UK launched cyber attack on Islamic State

The UK has conducted a "major offensive cyber campaign" against the Islamic State group, the director of the intelligence agency GCHQ, Jeremy Fleming, has revealed. The operation hindered the group's ability to co-ordinate attacks and suppressed its propaganda.

Source: BBC

Goldman Sachs consider whether curing patients is bad for business

Goldman Sachs analysts have attempted to tackle the question of whether pioneering "gene therapy" treatment will be bad for business in the long run. "Is curing patients a sustainable business model?" analysts ask in a report entitled "The Genome Revolution."

Source: CNBC

Four-armed robot performing surgery in the UK

A £1.5m "robotic" surgeon, controlled using a computer console, is being used to shorten the time patients spend recovering after operations. The da Vinci Xi machine is the only one in the country being used for upper gastrointestinal surgery.

Source: BBC

Virgin Galactic rocket planes go past the speed of sound

Virgin Galactic completed its first powered flight in nearly four years when Richard Branson's space company launched its Unity spacecraft, which reached supersonic speeds before safely landing. “We’ve been working towards this moment for a long time,” Virgin Galactic CEO George Whitesides said in an email to Quartz.

Source: Quartz

Google employees protest being in "the business of war"

Thousands of Google employees, including dozens of senior engineers, have signed a letter protesting the company’s involvement in a Pentagon program that uses AI to interpret video imagery and could be used to improve the targeting of drone strikes. The letter, which is circulating inside Google, has garnered more than 3,100 signatures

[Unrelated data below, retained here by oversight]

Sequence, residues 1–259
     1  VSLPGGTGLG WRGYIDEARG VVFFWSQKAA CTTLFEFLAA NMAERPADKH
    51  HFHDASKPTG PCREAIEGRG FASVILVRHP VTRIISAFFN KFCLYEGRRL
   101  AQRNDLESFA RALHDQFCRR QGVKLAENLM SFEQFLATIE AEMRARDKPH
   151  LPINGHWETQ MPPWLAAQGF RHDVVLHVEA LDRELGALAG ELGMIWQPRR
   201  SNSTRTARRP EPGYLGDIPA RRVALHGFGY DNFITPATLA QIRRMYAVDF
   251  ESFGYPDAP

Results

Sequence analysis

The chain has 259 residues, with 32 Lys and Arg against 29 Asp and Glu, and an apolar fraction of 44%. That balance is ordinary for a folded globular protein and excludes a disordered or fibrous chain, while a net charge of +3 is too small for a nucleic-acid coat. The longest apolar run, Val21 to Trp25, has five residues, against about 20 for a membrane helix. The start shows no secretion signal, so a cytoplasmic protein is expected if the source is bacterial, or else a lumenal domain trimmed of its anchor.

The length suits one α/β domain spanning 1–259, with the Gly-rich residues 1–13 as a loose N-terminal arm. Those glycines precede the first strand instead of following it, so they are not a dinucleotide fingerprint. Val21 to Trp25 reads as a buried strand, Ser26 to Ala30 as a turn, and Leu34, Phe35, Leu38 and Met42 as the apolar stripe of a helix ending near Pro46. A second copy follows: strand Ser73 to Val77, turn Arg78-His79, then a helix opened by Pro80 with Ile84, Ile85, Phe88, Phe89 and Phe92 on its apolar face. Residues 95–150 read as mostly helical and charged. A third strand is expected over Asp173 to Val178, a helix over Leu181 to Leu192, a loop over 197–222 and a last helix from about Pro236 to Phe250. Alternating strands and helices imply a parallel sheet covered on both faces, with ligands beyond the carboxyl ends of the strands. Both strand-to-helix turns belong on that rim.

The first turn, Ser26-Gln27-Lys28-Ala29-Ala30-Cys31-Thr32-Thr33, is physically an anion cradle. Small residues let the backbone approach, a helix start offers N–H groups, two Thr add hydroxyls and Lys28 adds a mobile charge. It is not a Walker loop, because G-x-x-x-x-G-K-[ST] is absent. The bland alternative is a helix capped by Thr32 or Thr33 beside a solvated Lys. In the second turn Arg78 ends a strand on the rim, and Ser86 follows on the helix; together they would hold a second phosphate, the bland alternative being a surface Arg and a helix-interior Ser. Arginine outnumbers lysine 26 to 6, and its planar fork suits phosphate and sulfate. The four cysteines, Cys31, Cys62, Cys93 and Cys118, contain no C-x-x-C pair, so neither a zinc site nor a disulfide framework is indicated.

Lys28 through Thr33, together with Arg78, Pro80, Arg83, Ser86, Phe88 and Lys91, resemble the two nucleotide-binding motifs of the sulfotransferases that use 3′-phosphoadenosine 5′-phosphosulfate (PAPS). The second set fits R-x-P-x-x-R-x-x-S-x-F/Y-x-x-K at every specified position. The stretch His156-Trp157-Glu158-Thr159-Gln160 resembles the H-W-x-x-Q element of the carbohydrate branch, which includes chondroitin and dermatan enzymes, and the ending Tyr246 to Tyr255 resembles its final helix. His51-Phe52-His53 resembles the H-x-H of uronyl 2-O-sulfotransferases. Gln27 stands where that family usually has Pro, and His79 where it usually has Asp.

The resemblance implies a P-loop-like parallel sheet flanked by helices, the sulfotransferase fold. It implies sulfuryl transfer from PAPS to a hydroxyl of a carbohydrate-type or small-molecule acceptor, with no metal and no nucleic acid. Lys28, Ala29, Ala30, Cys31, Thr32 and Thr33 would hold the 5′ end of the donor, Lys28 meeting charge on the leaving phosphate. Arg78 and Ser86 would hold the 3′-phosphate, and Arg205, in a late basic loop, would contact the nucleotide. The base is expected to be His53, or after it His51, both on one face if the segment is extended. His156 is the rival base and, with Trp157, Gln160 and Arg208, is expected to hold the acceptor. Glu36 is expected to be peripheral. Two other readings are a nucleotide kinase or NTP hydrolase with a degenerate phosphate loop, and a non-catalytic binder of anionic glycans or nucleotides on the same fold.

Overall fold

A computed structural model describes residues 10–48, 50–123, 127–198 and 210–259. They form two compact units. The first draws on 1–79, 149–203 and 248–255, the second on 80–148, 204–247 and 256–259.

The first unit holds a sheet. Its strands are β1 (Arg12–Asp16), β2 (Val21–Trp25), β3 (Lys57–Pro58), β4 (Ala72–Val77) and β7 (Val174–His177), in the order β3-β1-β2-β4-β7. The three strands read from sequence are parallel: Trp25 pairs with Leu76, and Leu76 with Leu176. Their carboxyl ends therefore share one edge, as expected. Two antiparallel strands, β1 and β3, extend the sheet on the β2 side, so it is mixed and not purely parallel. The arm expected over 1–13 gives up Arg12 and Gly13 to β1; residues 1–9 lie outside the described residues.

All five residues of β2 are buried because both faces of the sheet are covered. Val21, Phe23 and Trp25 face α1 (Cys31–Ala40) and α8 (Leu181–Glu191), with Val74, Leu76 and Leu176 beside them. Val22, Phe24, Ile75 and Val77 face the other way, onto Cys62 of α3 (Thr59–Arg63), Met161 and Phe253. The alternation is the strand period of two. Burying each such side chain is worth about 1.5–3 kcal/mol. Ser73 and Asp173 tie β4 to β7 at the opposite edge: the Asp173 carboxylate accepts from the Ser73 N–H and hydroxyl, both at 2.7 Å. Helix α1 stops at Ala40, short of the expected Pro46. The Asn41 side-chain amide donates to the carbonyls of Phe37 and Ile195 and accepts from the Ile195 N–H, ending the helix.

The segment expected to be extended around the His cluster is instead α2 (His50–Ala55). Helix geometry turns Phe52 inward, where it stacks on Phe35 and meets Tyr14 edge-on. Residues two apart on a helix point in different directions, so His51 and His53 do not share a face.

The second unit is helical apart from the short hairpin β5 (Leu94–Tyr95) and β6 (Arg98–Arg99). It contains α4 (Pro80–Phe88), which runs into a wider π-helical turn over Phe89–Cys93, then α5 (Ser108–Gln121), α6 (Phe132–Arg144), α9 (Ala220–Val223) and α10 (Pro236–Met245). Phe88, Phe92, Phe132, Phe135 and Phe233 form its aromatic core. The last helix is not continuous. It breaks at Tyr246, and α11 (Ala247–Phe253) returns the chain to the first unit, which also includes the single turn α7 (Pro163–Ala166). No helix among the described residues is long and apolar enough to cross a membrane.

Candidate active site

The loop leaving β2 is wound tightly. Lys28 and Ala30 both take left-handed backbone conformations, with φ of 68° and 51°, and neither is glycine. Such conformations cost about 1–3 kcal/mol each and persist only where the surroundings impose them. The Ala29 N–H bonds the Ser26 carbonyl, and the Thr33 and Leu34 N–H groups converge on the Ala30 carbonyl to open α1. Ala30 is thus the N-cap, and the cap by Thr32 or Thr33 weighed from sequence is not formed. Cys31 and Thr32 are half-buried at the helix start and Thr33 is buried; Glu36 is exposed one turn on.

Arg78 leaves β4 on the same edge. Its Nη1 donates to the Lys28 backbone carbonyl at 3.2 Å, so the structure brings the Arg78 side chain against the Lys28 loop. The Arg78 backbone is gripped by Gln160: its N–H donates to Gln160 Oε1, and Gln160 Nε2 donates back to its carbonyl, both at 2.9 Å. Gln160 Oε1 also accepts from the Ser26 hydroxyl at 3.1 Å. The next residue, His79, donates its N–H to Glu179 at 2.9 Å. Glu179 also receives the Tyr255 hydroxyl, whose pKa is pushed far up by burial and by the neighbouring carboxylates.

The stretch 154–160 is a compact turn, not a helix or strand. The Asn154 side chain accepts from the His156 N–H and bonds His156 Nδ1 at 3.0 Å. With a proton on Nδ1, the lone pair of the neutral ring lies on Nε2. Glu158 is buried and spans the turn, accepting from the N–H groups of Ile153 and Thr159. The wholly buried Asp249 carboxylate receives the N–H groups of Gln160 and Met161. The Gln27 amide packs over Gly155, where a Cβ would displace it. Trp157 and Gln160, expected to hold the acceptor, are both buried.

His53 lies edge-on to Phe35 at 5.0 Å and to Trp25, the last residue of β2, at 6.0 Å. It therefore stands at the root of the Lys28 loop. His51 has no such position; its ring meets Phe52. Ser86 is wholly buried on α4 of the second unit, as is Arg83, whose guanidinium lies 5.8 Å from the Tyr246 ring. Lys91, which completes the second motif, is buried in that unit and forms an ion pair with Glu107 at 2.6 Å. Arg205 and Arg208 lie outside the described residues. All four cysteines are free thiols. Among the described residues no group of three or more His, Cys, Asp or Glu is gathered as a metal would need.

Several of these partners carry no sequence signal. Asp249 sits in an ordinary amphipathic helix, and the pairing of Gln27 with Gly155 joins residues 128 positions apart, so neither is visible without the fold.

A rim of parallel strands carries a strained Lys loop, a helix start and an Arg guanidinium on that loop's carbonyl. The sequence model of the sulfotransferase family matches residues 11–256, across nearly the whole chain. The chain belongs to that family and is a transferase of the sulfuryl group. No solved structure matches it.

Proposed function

Source: New York Times

Computer system transcribes words users “speak silently”

MIT researchers have developed a computer interface that transcribes words that the user verbalises internally but does not actually speak aloud. The wearable device picks up neuromuscular signals in the jaw and face that are triggered by internal verbalisations — saying words “in your head” — but are undetectable to the human eye.

Source: MIT News

Drones could be used to penalise bad farming

A report by a coalition of environmental campaigners is arguing squadrons of drones should be deployed to locate and penalise farmers who let soil run off their fields. Their report says drones can help to spot bad farming, which is said to cost more than £1.2bn a year by clogging rivers and contributing to floods.

Source: BBC

Californian company unveil space hotel

Orion Span, a California company, has unveiled its Aurora Station, a commercial space station that would house a luxury hotel. The idea is to put the craft in low-earth orbit, about 200 miles up, with a stay at the hotel likely to cost $9.5 million for a 12-day trip, but you can reserve a spot now with an $80,000 deposit.

UK mobile operators pay close to £1.4bn for 5G

An auction of frequencies for the next generation of mobile phone networks has raised £1.36bn, says regulator Ofcom. Vodafone, EE, O2 and Three all won the bandwidth needed for the future 5G mobile internet services, which are not expected to be launched until 2020.

Source: BBC